It is an uncomfortable moment, showing not only the material gap between the rich and the poor but an ideological one steeped in the subtext of class mobility as linked to race.
As she drives off, the wealthier woman declares her host to be worthy of institutionalisation for seeking to identify as her societal equal.
Earlier in the documentary, Kim Wale, a researcher at UJ’s Centre for Sociological Reform, states that a middle class identity is one that is very individualised and a working class identity is one concerned with broader power structures and challenging these.
Nolwazi Mdlalose*, a mashonisa who works as a security guard at a Woodmead printing company, is more disparaging of her customers, many of whom earn up to six times the amount of money she earns from her salary-paying job.
“They like things they cannot afford. If you know you have debt to pay off, why would you go and eat out? What’s wrong with yesterday’s leftovers and some tea?”
Not for her is the false security of a middle class life, centred on an income vulnerable to the market. Mdlalose says she got into the business when people asked her for money because she never complained about a lack of it.
“It was like I was the bank,” she says, covering her slim torso with her navy blue blazer from outside the company’s security booth. “I grew up knowing how to make money. Our family is one of independent people. My uncle owns taxis, for instance, but he started as a driver. After school I sold vegetables and my son sells clothes. It’s just our family trait.”
Mdlalose earns R7 000 a month but she believes she could survive if she lost her job, or at least earn enough to be able to live between jobs without slipping into indigence. She charges her customers 30% monthly interest. “Many people who earn more than I do have many chances and opportunities to put more money in their pockets but they don’t use them. The money they earn is a lot but they’d rather drink it, which is dom (stupid). Working for just one company limits your mind; you only end up thinking about one source of income.”
She considers herself outside of the middle class because she “doesn’t afford” much of what she would want for herself and her two teenaged children.
In Soweto’s Mzimhlophe section, a burly Vuma Zondi* makes a case for how mashonisas are “no worse than banks”, which his clients cannot use for various credit-related reasons.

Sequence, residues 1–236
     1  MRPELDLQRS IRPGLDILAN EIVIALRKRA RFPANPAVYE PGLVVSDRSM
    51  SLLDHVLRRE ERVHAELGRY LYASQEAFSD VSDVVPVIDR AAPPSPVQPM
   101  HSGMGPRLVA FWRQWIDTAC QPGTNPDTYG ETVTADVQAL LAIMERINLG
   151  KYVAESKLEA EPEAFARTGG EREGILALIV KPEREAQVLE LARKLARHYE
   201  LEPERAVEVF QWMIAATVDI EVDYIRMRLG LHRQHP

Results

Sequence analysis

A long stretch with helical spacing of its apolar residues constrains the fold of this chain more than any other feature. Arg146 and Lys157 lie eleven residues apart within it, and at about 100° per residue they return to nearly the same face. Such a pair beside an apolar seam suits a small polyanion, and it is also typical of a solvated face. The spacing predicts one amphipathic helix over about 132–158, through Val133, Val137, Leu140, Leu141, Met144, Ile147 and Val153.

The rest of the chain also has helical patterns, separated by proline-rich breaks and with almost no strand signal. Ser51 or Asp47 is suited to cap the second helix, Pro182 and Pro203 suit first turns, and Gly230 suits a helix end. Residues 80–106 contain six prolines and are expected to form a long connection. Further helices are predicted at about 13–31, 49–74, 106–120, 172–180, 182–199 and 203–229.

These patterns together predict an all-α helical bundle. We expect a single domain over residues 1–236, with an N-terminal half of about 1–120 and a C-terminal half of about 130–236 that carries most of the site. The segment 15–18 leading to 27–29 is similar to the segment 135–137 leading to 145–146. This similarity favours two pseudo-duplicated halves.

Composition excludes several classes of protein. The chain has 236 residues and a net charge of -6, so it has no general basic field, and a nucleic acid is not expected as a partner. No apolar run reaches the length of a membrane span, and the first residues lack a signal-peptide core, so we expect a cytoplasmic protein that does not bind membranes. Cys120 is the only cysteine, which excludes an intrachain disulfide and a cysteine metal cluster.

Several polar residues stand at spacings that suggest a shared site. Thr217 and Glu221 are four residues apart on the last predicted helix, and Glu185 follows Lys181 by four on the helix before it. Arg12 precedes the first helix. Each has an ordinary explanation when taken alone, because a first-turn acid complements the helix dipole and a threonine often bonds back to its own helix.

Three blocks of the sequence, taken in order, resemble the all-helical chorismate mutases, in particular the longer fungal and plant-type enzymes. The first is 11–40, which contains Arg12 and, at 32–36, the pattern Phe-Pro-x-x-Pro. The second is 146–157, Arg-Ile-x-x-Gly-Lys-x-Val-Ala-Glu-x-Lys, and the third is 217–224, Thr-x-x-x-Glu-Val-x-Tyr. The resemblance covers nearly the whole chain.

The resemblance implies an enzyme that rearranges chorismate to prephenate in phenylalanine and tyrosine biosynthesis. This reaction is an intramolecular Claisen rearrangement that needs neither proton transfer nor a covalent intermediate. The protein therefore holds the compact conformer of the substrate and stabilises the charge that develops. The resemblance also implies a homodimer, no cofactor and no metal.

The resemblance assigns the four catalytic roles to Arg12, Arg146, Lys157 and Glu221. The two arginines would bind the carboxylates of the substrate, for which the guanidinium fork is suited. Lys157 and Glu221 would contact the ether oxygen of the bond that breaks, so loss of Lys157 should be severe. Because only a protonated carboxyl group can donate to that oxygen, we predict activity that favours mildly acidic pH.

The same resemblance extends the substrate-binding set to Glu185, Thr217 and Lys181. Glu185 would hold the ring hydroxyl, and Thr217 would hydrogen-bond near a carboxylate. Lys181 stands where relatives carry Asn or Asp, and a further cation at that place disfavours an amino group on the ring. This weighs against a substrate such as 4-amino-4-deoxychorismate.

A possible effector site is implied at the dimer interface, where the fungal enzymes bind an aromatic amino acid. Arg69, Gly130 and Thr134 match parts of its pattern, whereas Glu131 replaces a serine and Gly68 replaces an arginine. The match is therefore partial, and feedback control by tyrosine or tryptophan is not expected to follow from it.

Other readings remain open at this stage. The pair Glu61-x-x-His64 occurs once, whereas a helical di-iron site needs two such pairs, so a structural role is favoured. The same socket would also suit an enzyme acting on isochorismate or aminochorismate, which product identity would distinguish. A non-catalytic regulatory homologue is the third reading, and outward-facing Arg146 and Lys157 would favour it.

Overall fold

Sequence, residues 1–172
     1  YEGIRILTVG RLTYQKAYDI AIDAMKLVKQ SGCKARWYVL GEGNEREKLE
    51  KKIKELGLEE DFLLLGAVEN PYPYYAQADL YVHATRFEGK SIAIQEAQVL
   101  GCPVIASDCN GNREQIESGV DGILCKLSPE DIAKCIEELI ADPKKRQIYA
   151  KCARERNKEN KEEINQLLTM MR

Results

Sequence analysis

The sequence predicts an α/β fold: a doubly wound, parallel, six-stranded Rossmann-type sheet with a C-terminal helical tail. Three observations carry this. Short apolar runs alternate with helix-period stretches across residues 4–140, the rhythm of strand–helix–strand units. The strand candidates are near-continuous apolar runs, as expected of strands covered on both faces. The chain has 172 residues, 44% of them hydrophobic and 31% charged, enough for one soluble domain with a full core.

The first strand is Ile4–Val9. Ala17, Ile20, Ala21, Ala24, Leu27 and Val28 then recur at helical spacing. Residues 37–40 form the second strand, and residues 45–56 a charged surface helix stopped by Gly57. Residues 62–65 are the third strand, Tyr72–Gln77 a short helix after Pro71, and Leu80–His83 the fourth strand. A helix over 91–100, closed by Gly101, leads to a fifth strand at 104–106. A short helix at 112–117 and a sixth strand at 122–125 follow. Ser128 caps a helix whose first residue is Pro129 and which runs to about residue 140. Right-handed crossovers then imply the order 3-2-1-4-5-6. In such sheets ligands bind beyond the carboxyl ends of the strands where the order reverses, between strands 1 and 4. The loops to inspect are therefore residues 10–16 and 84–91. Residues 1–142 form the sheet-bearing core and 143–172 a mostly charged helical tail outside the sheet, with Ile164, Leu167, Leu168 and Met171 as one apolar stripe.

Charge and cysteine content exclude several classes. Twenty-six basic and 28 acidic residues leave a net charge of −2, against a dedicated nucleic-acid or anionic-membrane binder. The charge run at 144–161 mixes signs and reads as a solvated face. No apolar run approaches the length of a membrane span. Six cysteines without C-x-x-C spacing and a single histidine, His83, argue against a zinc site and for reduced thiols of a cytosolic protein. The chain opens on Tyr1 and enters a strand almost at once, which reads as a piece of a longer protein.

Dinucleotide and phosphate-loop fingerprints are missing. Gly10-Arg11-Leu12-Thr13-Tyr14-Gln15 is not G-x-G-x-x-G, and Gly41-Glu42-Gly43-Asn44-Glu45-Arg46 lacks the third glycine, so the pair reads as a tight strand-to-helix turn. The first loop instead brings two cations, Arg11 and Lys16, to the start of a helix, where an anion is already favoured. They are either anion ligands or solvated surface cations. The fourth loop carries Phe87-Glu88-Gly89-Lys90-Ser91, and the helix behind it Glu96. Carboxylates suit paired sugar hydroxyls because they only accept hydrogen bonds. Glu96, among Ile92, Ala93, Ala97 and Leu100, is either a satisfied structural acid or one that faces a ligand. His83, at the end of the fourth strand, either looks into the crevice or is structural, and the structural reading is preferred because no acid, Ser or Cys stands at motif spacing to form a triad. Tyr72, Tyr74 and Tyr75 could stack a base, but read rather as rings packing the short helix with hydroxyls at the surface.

“I’d say banks are ridiculous these days with their charges and interest. I borrowed R6 000 from a company the other day and I was paying back R1 800 per month for six months. That’s why people come to us.”
Zondi, a motor mechanic, says some of his borrowers are poor budgeters but he can’t blame them for hedging their bets.
“I don’t ask for security from the clients. I give them based on my trust. Sometimes with strangers I take that risk. I only take your car if you are borrowing something like 20 grand.”
People return the money, sometimes after being intimidated, “but on the fourth of the month they are back again to ask for more,” he says. “I collect my money on my own. There is a demeanour for every situation,” he says, choosing brevity over explaining.
Pressed, he says: “Sometimes you can prevent the customer from going to work until they realise that you are serious.”
Zondi says the worst that has ever happened was having to activate a prior gentleman’s arrangement with the client in question and their human resources (HR) officer, an illegal but not uncommon practice.
Mvundla has an HR story of his own, recalling that once an ad agency employee who was underperforming for a prolonged stretch, blamed his uninspired patch on Mvundla and his persistent demand for an overdue payment. But because there was no documented proof of any transactions between Mvundla and the borrower, the scapegoating was left as that; desperate smearing.
Zondi says these days he is more ethical in how he does his business, falling back a little on defaulting customers after three to four months and only asking for his initial loan amount back. “
At the end of the day I know many of these people, and even though I charge 50% interest. Really, I am just out to help. People don’t take us as criminals, the government does.”
Interestingly, as a motor mechanic who sews curtains and upholsters furniture in his spare time, Zondi, resists the temptation to call himself middle class, mulling over the phrase as if it was some kind of dirty word.
“Upper class people can communicate with middle class people,” he says. “A low-class person, it’s hard for them to reach high class. I see myself in all categories in terms of my friends, people I hang with and people I plan business with. I’m in every category. Being self-employed, the money fluctuates but it doesn’t define who I am.”
* pseudonyms are used to protect source’s privacy